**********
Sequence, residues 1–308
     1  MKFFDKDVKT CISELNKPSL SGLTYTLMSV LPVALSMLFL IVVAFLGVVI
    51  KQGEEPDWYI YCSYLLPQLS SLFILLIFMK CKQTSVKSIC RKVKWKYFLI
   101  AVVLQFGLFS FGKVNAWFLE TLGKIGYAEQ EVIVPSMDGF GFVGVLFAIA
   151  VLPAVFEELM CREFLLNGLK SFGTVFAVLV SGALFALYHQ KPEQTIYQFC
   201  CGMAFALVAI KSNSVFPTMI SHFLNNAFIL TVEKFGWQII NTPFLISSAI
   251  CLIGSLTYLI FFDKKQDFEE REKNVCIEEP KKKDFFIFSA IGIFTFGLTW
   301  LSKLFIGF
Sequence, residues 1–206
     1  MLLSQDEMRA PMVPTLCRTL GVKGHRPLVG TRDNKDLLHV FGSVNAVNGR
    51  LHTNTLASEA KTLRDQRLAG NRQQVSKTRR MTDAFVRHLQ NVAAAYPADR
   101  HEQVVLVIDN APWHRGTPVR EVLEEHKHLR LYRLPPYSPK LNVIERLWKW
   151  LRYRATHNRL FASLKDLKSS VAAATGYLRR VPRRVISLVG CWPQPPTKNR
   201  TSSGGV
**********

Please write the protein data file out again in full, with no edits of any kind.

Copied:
Sequence, residues 1–308
     1  MKFFDKDVKT CISELNKPSL SGLTYTLMSV LPVALSMLFL IVVAFLGVVI
    51  KQGEEPDWYI YCSYLLPQLS SLFILLIFMK CKQTSVKSIC RKVKWKYFLI
   101  AVVLQFGLFS FGKVNAWFLE TLGKIGYAEQ EVIVPSMDGF GFVGVLFAIA
   151  VLPAVFEELM CREFLLNGLK SFGTVFAVLV SGALFALYHQ KPEQTIYQFC
   201  CGMAFALVAI KSNSVFPTMI SHFLNNAFIL TVEKFGWQII NTPFLISSAI
   251  CLIGSLTYLI FFDKKQDFEE REKNVCIEEP KKKDFFIFSA IGIFTFGLTW
   301  LSKLFIGF
Sequence, residues 1–206
     1  MLLSQDEMRA PMVPTLCRTL GVKGHRPLVG TRDNKDLLHV FGSVNAVNGR
    51  LHTNTLASEA KTLRDQRLAG NRQQVSKTRR MTDAFVRHLQ NVAAAYPADR
   101  HEQVVLVIDN APWHRGTPVR EVLEEHKHLR LYRLPPYSPK LNVIERLWKW
   151  LRYRATHNRL FASLKDLKSS VAAATGYLRR VPRRVISLVG CWPQPPTKNR
   201  TSSGGV